Every industry has its Achilles' heel. For fund administrators, it's issues with data integrity and the lack of automation of key operations, such as expense processing. In terms of fund expenses, there is more to think about than advisor fee justification and distribution fee compliance. There are other problems that are potentially worse under the surface.
A recent survey by Confluence asked fund industry professionals "what is the one back-office challenge that concerns them the most on a daily basis?" The top answers: 29% reported lack of automation of key operations and 24% identified data integrity issues.
The fund administration business processes massive amounts of data every day. To minimize risk, increase efficiency, control costs and eliminate redundant calculations, data automation is essential. We've already seen progress in the automation of financial and performance reporting. The Confluence survey found that 67% of respondents indicated the back office operation for performance reporting was already automated, while 61% indicated the same for financial reporting.
While financial and performance reporting operations are well en route to benefiting from data automation, the area of expense processing lags well behind. The good news is 23% of respondents reported they have plans to automate this operation in the next 12-24 months.
As fund administrators continue to process expenses manually they suffer an unnecessarily high rate of error. Net Asset Value errors are the most serious and have the most negative impact. Other negative results of manual expense processing errors include a restated prospectus, fluctuating expense ratios, fluctuating yields, and budget variances. All require an explanation for the fund Treasurer, the fund Board, the fund's auditor, and perhaps even to regulators. These difficult communications fall on the shoulders of the fund administrator.
Given the combination of a lack of automation and the potential for severe consequences resulting from errors, it's hard to believe a majority of fund administrators still process expenses manually in spreadsheets. According to Ray Panko, a professor of IT management at the University of Hawaii who conducted a 2008 analysis, close to 90% of spreadsheet documents contain errors.
A fund administrator's accounts payable process would benefit from a centrally managed book of payment events. With this, they will be able to automatically generate comprehensive forecasts per service or fund. By eliminating spreadsheets, fund administrators gain control over vendor data, such as wire instructions, and the data that feeds into the payment and budgeting processes. Multiple invoices and payers-including funds, sub-funds and non-fund entities -can be consolidated. The allocation of expenses across funds and sub-funds can be automated and controlled. Automation and control eliminates redundant reviews resulting in the greatest impact on accuracy rates.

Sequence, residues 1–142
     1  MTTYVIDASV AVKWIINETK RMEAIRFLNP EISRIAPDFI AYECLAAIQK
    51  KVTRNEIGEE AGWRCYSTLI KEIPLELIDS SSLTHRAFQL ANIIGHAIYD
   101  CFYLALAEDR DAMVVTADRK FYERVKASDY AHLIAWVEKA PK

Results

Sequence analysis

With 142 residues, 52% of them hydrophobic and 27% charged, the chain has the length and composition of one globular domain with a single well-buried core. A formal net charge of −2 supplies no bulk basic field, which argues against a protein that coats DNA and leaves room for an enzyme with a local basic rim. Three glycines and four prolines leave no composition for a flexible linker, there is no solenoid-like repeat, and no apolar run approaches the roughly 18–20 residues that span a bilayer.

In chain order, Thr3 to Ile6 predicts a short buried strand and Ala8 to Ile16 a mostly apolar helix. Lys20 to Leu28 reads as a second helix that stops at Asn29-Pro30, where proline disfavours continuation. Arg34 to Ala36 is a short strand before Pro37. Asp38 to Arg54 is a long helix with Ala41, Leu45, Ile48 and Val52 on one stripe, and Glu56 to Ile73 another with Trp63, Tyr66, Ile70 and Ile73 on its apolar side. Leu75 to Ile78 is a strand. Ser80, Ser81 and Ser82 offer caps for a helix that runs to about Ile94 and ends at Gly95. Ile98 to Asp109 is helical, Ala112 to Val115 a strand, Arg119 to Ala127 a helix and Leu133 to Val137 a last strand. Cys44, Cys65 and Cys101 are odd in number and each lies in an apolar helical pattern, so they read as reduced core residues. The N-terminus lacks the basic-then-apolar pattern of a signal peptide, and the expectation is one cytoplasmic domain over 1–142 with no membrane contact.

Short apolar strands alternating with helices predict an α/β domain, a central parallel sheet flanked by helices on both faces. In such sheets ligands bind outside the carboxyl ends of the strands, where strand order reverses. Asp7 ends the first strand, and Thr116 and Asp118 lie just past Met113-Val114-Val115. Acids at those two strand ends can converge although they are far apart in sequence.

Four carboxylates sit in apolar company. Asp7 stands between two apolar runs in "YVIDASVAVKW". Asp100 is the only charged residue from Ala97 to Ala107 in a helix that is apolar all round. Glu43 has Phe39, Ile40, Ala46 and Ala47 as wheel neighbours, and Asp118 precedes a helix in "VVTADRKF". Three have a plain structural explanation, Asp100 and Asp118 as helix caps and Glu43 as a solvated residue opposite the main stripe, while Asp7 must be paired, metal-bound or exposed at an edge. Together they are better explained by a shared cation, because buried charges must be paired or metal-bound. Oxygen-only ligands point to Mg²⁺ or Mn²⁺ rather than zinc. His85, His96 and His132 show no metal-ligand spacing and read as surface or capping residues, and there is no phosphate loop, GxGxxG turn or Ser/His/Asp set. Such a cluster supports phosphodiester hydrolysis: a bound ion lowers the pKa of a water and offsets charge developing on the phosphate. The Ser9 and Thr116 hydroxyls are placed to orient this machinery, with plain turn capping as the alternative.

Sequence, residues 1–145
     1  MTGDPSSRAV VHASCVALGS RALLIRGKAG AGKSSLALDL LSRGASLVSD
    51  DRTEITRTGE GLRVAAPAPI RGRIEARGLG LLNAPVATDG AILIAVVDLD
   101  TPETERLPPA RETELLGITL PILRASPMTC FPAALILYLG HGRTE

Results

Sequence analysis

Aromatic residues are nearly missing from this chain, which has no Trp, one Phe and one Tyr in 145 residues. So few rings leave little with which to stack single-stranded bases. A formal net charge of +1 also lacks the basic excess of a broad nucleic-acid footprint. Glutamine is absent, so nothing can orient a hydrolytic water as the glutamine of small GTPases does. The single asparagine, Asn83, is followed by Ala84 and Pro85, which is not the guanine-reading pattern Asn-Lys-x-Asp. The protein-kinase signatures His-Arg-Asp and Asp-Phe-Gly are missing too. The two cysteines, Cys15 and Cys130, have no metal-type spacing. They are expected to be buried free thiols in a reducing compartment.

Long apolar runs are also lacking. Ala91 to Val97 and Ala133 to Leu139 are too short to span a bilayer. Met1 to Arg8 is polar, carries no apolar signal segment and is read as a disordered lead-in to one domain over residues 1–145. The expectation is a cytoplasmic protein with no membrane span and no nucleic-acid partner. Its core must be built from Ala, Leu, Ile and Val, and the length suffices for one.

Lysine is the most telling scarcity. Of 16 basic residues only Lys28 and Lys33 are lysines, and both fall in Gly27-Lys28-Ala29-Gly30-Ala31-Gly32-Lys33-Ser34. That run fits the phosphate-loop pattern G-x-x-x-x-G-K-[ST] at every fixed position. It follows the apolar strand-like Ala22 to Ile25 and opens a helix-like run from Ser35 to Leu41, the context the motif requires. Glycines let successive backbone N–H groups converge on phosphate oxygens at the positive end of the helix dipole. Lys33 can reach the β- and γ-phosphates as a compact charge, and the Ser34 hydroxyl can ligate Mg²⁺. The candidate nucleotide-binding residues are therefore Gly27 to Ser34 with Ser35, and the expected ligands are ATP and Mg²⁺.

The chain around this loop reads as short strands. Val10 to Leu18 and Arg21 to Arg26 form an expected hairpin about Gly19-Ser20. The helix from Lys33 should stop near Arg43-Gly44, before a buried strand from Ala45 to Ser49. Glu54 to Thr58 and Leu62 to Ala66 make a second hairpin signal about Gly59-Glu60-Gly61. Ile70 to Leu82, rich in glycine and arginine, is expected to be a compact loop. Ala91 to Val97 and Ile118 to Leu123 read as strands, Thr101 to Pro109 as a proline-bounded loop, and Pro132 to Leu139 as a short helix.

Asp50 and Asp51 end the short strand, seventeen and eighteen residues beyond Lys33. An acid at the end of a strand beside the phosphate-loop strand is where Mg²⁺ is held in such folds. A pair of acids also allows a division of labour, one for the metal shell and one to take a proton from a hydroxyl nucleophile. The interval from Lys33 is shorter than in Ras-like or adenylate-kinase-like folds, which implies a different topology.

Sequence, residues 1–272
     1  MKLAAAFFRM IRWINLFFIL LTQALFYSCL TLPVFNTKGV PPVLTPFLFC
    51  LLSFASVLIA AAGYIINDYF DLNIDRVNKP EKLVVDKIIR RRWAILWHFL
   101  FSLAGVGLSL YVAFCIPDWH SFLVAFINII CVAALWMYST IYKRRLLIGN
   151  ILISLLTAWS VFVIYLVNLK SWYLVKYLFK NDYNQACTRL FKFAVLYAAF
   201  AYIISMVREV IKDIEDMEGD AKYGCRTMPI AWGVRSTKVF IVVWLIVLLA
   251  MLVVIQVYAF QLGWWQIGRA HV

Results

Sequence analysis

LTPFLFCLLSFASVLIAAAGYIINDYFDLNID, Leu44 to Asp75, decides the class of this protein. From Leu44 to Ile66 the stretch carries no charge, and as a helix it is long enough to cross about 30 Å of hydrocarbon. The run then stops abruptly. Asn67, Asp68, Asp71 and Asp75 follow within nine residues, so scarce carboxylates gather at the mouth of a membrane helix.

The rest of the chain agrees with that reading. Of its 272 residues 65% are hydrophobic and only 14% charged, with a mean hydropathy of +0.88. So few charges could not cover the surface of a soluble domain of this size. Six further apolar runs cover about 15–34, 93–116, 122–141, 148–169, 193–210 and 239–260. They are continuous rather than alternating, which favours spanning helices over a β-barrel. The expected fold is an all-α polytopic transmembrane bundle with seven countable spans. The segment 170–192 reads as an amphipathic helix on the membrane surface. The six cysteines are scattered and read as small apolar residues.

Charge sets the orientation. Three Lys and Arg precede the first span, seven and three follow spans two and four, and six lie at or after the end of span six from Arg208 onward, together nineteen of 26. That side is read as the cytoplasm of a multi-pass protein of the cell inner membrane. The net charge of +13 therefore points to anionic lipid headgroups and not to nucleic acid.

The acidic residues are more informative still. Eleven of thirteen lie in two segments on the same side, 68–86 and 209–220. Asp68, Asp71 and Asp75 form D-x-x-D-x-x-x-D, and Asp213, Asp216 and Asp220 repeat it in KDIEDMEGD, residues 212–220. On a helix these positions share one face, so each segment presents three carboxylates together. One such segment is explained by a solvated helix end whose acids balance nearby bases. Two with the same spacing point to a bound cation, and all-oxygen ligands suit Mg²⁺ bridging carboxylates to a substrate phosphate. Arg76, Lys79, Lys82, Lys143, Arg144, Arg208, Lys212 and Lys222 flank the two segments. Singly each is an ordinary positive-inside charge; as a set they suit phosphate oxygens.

In a similar way, automating the budget process would allow fund administrators to focus on value add analysis. A fund administrator should be able to do two things while managing the expense processing function: make sure that funds and sub-funds are not materially over-or under-accrued on each valuation date and track an overall expense ratio.
Lastly, U.S. and European fund administrators are in need of a system designed to meet their tax and regulatory reporting tasks. U.S. administrators want consistency between 1099 and 1096 aggregation and a system that can prepare data files for individual funds or at the aggregate trust level. European fund administrators are looking for ease of data files produced for use by internal or external VAT calculation and filing specialists.
So what exactly has been the greatest obstacle in automating expense processing and what are the impacts of that challenge? The greatest obstacle has been the difficulty in moving from expense processing to a controlled system. Expense processing has little to no industry standardization; many of the tasks have a low frequency, and quite a lot of variability and complexity. As spreadsheets continue to be used, the amount of variability and lack of standards has only made things worse.
When the complex business problem of automating expense processing was lined up with the traditional method of building software, there wasn't much success. The traditional method called for detailed specifications, usually in text, created in advance. A hand off was made to software engineers who then built an application. The end users saw and evaluated the application for the first time months later when it was complete and final, hopeful that the application built matched the end users specifications.
For a simple, standardized task with little to no variability, maybe this strategy can work. But not for expense processing. A change of strategy is needed. One that uses frequent market interaction, trial and error; build a little bit, then let fund administrators use it, and then build a little more. To make this work, developers will need flexibility in design, scope, and priorities and the ability to change any of them mid-stream.
It is clear that fund administrators are in need of new, cutting edge technology that will reduce errors in their back office operations and improve the quality of the output. In order to be efficient, fund administrators need to have control over their expense processing operations from anywhere and at anytime. The time to automate expense processing is now.